Rituals, Revelry On Second Day Of Durga Puja

Kolkata: People from all walks of life and age groups Sunday thronged colourful pandals (marquees) to soak in the festivities and celebrate Mahasaptami – the second day of Durga Puja in West Bengal.

The day started with the ‘pran pratistha’ ritual, where the deity is symbolically endowed with life. The ‘kola bou’, a tender banana plant symbolising a bride, is given a bath with river water amidst drum beating, wrapped in a sari and placed next to the idol of Ganesha.

After the ritual, the puja begins with fasting devotees paying obeisance to Goddess Durga.

Celebrities from varied fields, including actors, politicians and sportspersons, joined the festivities with commoners.

Former Indian cricket captain Sourav Ganguly offered prayers at a pandal in city’s Behala neighbourhood.

President Pranab Mukherjee conducted all the rituals at his ancestral home in Birbhum district.

According to Hindu mythology, the festivities and prayers begin with the symbolic arrival of the Goddess on earth on the sixth day of the first quarter of the moon and ends on Dashami or the 10th day, which is celebrated across the country as Dussehra.

Traditionally, every pandal has an idol of Goddess Durga depicting her as slaying the demon Mahishasur. She is shown astride a lion and wielding weapons.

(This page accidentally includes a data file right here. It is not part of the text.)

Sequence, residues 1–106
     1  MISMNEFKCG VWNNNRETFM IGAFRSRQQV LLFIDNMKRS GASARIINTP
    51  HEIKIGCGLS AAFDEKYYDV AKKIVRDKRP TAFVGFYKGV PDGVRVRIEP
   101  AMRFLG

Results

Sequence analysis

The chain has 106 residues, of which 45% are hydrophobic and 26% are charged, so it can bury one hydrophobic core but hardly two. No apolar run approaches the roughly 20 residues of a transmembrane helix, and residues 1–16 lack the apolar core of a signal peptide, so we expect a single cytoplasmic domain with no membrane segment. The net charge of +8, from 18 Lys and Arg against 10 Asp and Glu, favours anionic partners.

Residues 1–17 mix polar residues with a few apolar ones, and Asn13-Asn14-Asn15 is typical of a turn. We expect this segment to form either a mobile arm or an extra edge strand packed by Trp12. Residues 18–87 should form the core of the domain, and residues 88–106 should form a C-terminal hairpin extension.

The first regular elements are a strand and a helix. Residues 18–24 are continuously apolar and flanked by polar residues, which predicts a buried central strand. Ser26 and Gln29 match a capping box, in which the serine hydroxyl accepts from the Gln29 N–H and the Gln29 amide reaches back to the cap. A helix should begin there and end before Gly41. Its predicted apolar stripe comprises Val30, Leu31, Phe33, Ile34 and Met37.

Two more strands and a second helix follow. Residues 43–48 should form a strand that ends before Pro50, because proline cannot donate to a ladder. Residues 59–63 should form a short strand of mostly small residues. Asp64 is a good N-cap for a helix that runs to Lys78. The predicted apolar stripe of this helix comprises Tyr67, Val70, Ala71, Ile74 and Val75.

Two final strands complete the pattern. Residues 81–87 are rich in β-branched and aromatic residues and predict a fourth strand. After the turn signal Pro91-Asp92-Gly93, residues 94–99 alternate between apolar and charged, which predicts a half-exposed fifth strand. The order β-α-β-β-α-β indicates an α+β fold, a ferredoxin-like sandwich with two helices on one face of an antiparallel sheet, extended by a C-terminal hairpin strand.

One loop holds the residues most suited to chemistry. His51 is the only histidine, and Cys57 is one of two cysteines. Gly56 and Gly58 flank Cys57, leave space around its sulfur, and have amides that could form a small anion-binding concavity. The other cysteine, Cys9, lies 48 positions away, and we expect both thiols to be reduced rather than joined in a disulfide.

There was an added sense of festivity in the air with Chief Minister Mamata Banerjee offering a 10-day holiday to state government officials for the festival, till the Laxmi Puja Oct 29.

With over 2,000 puja pandals spread across the city, revelers had fun hopping from one marquee to another and appreciating the efforts put in by the organisers to showcase innovative and imaginative themes.

The Maddox Square Durga puja was appreciated by devotees for being purely traditional and it had the Ekchala pattern of idols.

It has nostalgia, an air of reminiscence and an aura around it. The huge gathering of people of all age groups, the chatting, the discussion, the gossips that go on among friends while sitting on the puja ground has a special feel, said a visitor.

The South Kolkata’s Behala Sree Sangha Pandal mirrors the look and appearance of Jaganmohan Palace, Mysore. Just like the palace, the pandal is also built in traditional Hindu style and is nearly 140-foot tall.

The Singhi Park Sarbojanin Durga Puja, also in south Kolkata and one of the biggest crowd-pullers, has a pandal designed like the famous Meenakshi Amman Temple of Madurai.

Long queues of devotes could be seen at almost all the pandals as cameras and mobile phones incessantly clicked to capture the moments.

City restaurants offering special delicacies did brisk business.